Cost savings through on-site nitrogen generation
Published: 12 October 2012 - Heather Ramsden
Nitrogen gas can be used in a diverse number of ways in a wide variety of manufacturing industries. As a sister function of compressed air, on-site nitrogen generation can provide additional opportunities for cost savings and other efficiencies for manufacturers who change from a delivered nitrogen bottle or a liquid nitrogen service. Here Paul Clark, Business Line Manager Industrial Air Division, Atlas Copco Compressors, explains how.
A number of variable factors influence a manufacturer’s decision to make a capital purchase and upgrade their processes. These include considerations such as whether the change will improve safety, enhance environmental credentials, ensure greater efficiencies, offer a quick return on investment and lead to long term savings. When the answer to all of these questions is a resounding “yes,” it becomes difficult to find reasons not to consider a change to the status quo. That’s why many manufacturers who depend on nitrogen gas as a critical function of their business are moving from nitrogen delivery to on-site nitrogen gas generation.
Quite simply, by moving to on-site nitrogen generation, manufacturers can realise savings in the range of 40-80 per cent, depending on current nitrogen market prices. In some scenarios, even after considering the capital costs that may be associated with on-site nitrogen generation (such as air compressors, receivers, site preparation, power and maintenance), customers can realise a return on investment in as little as two years.
On-site nitrogen equipment providers, like Atlas Copco Compressors, can work with manufacturers to help them identify possible savings from switching to on-site generation. These include reducing the costs associated with a delivered nitrogen service, such as rental fees, delivery charges, hazmat charges and the numerous other miscellaneous costs regularly seen on a sales invoice.
Additionally, delivery of liquid nitrogen requires nitrogen gas to be converted to liquid nitrogen for transportation by truck, and converted back to nitrogen gas again on-site upon arrival. The subsequent product loss from these two filling points – nitrogen facility to truck and truck to manufacturing facility – contributes to product waste, with additional charges for delivery on top of that.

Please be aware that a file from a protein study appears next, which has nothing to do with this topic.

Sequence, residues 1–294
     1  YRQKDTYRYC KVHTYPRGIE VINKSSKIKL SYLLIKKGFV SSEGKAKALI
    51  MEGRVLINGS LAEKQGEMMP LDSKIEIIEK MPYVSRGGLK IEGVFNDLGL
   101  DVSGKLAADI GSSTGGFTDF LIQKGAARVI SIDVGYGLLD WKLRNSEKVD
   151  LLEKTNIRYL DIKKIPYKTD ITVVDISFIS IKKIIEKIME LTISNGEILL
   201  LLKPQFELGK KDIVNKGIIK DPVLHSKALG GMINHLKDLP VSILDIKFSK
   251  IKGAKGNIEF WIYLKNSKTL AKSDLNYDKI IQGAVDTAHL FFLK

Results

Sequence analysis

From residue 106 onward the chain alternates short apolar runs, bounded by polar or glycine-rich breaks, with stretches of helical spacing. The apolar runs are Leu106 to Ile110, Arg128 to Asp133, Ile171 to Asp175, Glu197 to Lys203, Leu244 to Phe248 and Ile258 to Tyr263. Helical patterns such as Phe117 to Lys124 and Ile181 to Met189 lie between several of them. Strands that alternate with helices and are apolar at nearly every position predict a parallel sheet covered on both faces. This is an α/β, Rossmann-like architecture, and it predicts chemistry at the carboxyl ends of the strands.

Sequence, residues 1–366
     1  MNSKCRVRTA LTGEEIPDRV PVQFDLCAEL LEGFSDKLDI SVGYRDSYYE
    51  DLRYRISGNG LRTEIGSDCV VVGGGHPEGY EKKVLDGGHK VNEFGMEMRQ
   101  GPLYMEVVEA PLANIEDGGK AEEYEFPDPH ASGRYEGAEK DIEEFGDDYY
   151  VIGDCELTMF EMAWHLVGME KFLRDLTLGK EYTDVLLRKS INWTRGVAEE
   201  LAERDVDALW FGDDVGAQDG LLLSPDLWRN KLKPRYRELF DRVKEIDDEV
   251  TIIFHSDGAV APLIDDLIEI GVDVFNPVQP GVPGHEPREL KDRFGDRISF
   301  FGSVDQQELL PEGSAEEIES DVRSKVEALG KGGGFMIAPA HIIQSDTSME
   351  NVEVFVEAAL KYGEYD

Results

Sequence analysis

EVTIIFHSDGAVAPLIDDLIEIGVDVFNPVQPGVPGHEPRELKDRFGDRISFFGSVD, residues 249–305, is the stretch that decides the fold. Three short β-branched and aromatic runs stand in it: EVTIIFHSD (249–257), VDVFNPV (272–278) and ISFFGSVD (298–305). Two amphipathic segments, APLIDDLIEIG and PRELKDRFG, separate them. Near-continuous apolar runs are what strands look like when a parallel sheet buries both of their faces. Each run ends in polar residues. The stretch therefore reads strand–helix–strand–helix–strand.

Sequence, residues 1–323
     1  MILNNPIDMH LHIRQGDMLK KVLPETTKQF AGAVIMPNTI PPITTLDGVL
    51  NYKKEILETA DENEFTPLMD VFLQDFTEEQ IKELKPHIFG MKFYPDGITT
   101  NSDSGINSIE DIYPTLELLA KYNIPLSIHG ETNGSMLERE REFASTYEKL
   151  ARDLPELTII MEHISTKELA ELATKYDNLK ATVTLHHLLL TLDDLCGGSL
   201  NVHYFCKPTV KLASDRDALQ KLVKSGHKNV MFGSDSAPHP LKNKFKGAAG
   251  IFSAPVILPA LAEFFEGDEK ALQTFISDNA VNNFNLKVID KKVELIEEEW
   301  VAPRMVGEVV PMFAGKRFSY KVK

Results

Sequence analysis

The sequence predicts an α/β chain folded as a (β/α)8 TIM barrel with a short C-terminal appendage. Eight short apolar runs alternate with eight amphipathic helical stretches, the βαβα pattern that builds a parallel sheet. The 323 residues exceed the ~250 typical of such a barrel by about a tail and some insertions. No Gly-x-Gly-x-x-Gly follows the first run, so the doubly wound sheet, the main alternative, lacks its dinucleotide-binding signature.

Delivered nitrogen must also be stored on-site in a liquid tank. Customers who have nitrogen delivered to their facility can lose around 10% of the delivery volume to waste, and even a leak free vessel will lose a minimum 0.4 per cent of volume each day if internal pressures are allowed to build when nitrogen from the top of the tank is not immediately used. Purging pressure to alleviate this contributes to additional unnecessary waste, creating a no-win situation.
Branding manufacturing practices and processes as “Green” has become increasingly commonplace and many consumers now look beyond this term. In today’s economic climate, manufacturers seek hard and measurable facts to determine whether a product’s environmental benefits truly stand on their own. Making liquid nitrogen requires large amounts of electric energy, as the liquefaction point of nitrogen is below -210 degrees C. As 80 per cent of nitrogen use is as gas and not liquid, the only reason for liquefaction is ease of transportation, which, as indicated above, contributes to loss on two fronts. Combine this with the fuel costs and carbon emissions associated with truck delivery and it is easy to see the environmental benefits to on-site nitrogen generation.
Nitrogen gas is essential in a wide variety of industries, including food manufacture and packaging, utilities and power generation, electronics, chemical and pharmaceutical operations, which rely on its use for a number of applications. In some industries, like offshore drilling and mining which operate in remote locations where delivery by vehicle is impossible on-site nitrogen generation is standard procedure. On-site nitrogen generation can also help achieve optimal purity levels in industries with particularly sensitive applications, like pharmaceuticals, electronics and chemical manufacturing, where nitrogen purity is vital. With minimal training, manufacturers in a number of industries can optimise performance, while lowering costs and their facility’s carbon footprint with a simple change from delivered to on-site nitrogen generation.